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Immune System Health Boosting Tips

Contributed By John Fritz

Incorporate Vitamin C and Zinc into Your Diet

Studies have shown that both Vitamin C and Zinc contribute to a more productive immune system, but one current study from Switzerland found that a combination of the two nutrients may be more effective than one nutrient alone. The National Institutes of Health recommends 75mg of Vitamin C for women and 90mg of Vitamin C for men per day. For zinc, they recommend 8mg for women and 11mg for men each day. Many fruits and vegetables, particularly citrus fruits such as oranges, are high in Vitamin C, and seafood, red meat, beans, whole grains, and dairy products provide zinc.

Take Steps to Reduce Stress

The Harvard Medical School suggests that stress may contribute to less effective immune systems, citing mice studies that looked at the link between stress and immune system function. These studies showed that stressful situations delayed antibodies and suppressed the immune system and that social stresses contributed more than physical stresses. Some ways to reduce stress include:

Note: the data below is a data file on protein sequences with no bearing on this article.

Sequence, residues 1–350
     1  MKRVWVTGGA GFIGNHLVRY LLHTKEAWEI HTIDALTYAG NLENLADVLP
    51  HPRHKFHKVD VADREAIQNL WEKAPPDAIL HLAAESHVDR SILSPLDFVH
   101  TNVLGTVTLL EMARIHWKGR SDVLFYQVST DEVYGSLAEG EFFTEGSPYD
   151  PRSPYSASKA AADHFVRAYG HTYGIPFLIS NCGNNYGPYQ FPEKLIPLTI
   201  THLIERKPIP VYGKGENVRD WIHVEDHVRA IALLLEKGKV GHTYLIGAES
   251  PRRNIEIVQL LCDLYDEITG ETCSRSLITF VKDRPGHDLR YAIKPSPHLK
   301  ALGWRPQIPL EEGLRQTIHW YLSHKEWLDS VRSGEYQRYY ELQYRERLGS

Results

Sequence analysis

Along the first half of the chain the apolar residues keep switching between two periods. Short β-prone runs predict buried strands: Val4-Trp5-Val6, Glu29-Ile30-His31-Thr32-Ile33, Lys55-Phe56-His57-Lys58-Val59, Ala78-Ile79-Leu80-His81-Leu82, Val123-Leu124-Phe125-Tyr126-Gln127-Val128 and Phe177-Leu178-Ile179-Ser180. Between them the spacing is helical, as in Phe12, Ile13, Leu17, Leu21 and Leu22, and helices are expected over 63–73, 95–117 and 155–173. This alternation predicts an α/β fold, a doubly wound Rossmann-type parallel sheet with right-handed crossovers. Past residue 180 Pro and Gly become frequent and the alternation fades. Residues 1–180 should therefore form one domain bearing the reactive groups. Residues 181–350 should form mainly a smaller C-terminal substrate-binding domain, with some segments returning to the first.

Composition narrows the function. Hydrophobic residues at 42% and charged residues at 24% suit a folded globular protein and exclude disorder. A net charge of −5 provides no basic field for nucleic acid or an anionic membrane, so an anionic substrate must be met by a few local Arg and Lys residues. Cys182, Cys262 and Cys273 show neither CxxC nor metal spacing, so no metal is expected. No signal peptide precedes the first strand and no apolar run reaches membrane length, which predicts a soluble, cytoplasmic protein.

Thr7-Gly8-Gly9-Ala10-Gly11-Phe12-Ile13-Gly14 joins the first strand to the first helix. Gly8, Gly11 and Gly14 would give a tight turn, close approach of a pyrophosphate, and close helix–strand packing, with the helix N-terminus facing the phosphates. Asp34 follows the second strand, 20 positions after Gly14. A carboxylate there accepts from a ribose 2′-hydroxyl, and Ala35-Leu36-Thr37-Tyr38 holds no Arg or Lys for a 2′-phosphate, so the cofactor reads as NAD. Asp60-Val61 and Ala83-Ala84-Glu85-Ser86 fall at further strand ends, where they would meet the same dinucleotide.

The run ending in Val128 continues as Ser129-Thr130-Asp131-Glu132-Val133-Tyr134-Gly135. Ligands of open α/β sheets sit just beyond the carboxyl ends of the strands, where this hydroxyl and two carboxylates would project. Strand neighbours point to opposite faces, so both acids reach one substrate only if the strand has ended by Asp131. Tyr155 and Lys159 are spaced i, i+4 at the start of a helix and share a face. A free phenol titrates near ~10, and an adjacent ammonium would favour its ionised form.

1. Identify the stressors in your life and determine which ones you can change, and then take action.
  2. Take a break and meditate to help relax your body and your mind.
  3. Write about your stress in a journal to help release your emotions.
  4. Avoid stressful situations when possible.
  5. Stay organized to avoid getting overwhelmed, and drop certain activities if you feel you have too many responsibilities.
Reducing stress is not only beneficial to your immune health, but it can also help boost your mood and reduce your risk of gaining weight.

Exercise Regularly

Regular exercise is not only a great way to prevent weight gain, but it can also improve your mood, reduce your stress levels, prevent chronic diseases, and improve immune system function. The reasons for these benefits are not entirely understood and may intertwine, but scientists do know that people who exercise regularly tend to get sick less. In fact, a recent 2013 study showed improved immune system function in rats who underwent an 8-week exercise program compared to a sedentary group of rats.

Limit Alcohol and Cigarettes

Certain drugs, even legal ones, can have a poor effect on your immune system when abused. While moderate amounts of alcohol may have a positive effect on the immune system, overconsumption of alcoholic beverages can suppress immune system responses. The same goes for cigarettes. While the nicotine in them may have some potential as an anti-inflammatory agent, the continued use can suppress the immune system.
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